After intense litigation, the Appeals Court of Amsterdam ruled on 17 December 2010 that the Hofstad group is a terrorist organisation after all. This followed a judgement of the Dutch Supreme Court, which had instructed a partial retrial because the Appeals Court in the Hague had used a too strict definition of what constitutes a terrorist organisation.
Initially, in March 2006 the District Court of Rotterdam had convicted the defendants, who were all connected to Mohammed B., the murderer of journalist and filmmaker Theo van Gogh. Before the murder on 2 November 2004, the Dutch Intelligence and Security Agency (AIVD), had already put surveillance on the so-called living room meetings in Mohammed B’s apartment, coding the subjects of this investigation the "Hofstad group". On appeal in January 2008, they had been cleared of being a member of a criminal and terrorist organisation. On retrial, seven defendants were again convicted for this particular charge: five received a 15-month prison sentence, whereas two, who had possessed hand grenades, one which had been used against a special police unit, were punished more severely: respectively 38-month and 13-year prison sentences.
In comparison to the earlier trials, there was far less interest this time: only a few journalists and a handful of observers attended the judgement. Of the defendants only Jason W., who had already been convicted to a 15-year prison sentence by the Appeals Court in the Hague for attempted murder(s) but without terrorist aim, was present. Due to his young age, at the time he was 19 years old, he received a lesser sentence than what the public prosecutor had called for. Neither the renunciation of his radical ideology in Dutch Newspaper the Volkskrant, nor his apologies during the trial was taken into account. As the other defendants have already served their time in pre-trial detention, Jason W. is the only one who will return to prison.
According to the Appeals Court judgement, the "Hofstad Group" is a terrorist and criminal organisation with the intent of committing criminal offences including incitement to hatred and violence, spreading inflammatory writing or images, and threatening with a – terrorist – crime. Essentially, the organisation had as its purpose the commission of crimes of expression. Even though the Appeals Court stressed that ‘thoughts are not on trial’, it is debatable whether the membership of a terrorist organisation should be based on these types of crimes. At stake is the freedom of religion, association and expression. It also appears to be a rather narrow basis to reconstruct membership of a terrorist organisation. Especially for the five defendants who were only convicted for membership; they had not actually resorted to violent crimes, but had merely visited the living room meetings on a regular basis. According to the judgement, however, they had participated not only in religious discussions but also received instruction to participate in Jihad and took part in structured activities (necessary to prove a defendant’s participation in a criminal- or terrorist organisation).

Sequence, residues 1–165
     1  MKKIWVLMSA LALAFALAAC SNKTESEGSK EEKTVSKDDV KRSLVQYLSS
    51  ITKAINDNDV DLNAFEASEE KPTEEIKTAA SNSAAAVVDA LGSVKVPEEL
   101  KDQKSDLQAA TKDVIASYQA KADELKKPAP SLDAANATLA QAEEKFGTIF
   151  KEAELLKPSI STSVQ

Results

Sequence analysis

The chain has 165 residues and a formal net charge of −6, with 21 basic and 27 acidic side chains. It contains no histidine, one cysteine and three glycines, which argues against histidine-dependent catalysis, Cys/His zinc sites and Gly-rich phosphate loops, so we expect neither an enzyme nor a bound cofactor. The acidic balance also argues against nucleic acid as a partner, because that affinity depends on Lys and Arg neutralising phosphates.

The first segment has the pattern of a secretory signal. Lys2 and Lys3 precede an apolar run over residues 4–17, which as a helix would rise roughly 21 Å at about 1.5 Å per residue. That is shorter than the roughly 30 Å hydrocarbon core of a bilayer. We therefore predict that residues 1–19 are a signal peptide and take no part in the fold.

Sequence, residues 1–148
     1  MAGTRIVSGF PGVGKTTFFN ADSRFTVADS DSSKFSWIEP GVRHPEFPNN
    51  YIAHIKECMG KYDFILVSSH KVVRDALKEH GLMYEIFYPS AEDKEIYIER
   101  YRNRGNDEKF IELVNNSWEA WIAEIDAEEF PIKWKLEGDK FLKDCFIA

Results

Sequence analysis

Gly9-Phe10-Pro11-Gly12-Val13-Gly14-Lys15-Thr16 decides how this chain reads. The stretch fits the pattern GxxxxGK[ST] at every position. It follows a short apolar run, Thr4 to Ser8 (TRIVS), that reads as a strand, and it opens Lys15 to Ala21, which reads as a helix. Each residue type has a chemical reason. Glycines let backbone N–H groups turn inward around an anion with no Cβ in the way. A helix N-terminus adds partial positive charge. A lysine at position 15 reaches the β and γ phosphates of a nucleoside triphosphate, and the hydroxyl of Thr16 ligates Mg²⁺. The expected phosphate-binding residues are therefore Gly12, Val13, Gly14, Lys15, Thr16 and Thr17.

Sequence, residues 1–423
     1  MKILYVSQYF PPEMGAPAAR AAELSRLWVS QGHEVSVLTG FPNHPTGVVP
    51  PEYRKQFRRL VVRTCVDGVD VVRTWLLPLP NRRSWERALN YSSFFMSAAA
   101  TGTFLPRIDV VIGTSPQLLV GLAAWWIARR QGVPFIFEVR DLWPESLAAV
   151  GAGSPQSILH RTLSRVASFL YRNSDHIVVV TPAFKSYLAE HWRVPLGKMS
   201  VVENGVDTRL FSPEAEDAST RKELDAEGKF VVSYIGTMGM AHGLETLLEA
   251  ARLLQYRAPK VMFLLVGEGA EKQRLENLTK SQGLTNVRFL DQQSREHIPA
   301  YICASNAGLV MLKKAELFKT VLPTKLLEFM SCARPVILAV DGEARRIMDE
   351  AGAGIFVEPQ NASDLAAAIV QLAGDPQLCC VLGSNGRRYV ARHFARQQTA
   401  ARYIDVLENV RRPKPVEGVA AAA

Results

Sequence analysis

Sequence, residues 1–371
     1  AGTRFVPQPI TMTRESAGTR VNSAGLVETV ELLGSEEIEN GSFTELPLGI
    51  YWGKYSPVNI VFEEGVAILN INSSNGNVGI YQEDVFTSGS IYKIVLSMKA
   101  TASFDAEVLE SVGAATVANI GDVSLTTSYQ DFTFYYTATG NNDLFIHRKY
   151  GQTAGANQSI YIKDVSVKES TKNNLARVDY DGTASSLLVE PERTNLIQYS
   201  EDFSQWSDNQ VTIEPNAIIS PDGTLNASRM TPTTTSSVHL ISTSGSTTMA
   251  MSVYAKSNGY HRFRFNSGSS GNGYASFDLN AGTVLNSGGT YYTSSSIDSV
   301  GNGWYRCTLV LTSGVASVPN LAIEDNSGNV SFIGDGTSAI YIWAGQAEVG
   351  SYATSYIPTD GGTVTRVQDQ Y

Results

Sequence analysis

Part of the evidence consisted of documents and public letters written by Mohammed B. which were found on computers, USB sticks and personal files of the defendants. In one of them – entitled "To Catch a Wolf", which was written in March 2004 and published on the internet– he addresses Dutch Muslim youth directly, inciting them to join the violent Jihad against the democratic order in the Netherlands. This document was qualified as evidence of incitement to commit a violent act against public order and the entire Dutch society. In the judgement, it became clear that crimes such as hate speech can infringe not only on the rights of minority groups, but also of majority groups such as for example all "non-believers". After the judgement, one of the attorneys stated that in the Netherlands "one is now guilty by association", suggesting that some defendants had been convicted primarily for the reason they had attended the living room meetings. They are considering to appeal – again – in cassation to the Supreme Court.
In conclusion, can we argue that thoughts or the freedom of expression have now been tried in the case of the Hofstad group? On the one hand, article 140 and 140a of the Dutch Criminal Code penalises participation in an organisation, which intent it is to commission – terrorist – crimes. It does not distinguish between violent acts, writing or speech. On the other hand, this part of the Criminal Code is partly based on rather broad terrorist legislation that was implemented by the 2004 Crimes of Terrorism Act. From a counter-terrorism perspective, the criminal offences that the Hofstad group intended to commit are not really the type of – terrorist – crimes that should be prioritised. In terms of preventing radicalisation and terrorism, it might even be counter-productive. An overly broad prosecution strategy could potentially be perceived as too repressive, risking alienation of minority communities and delegitimising support for the rule of law and counter-terrorism efforts more generally.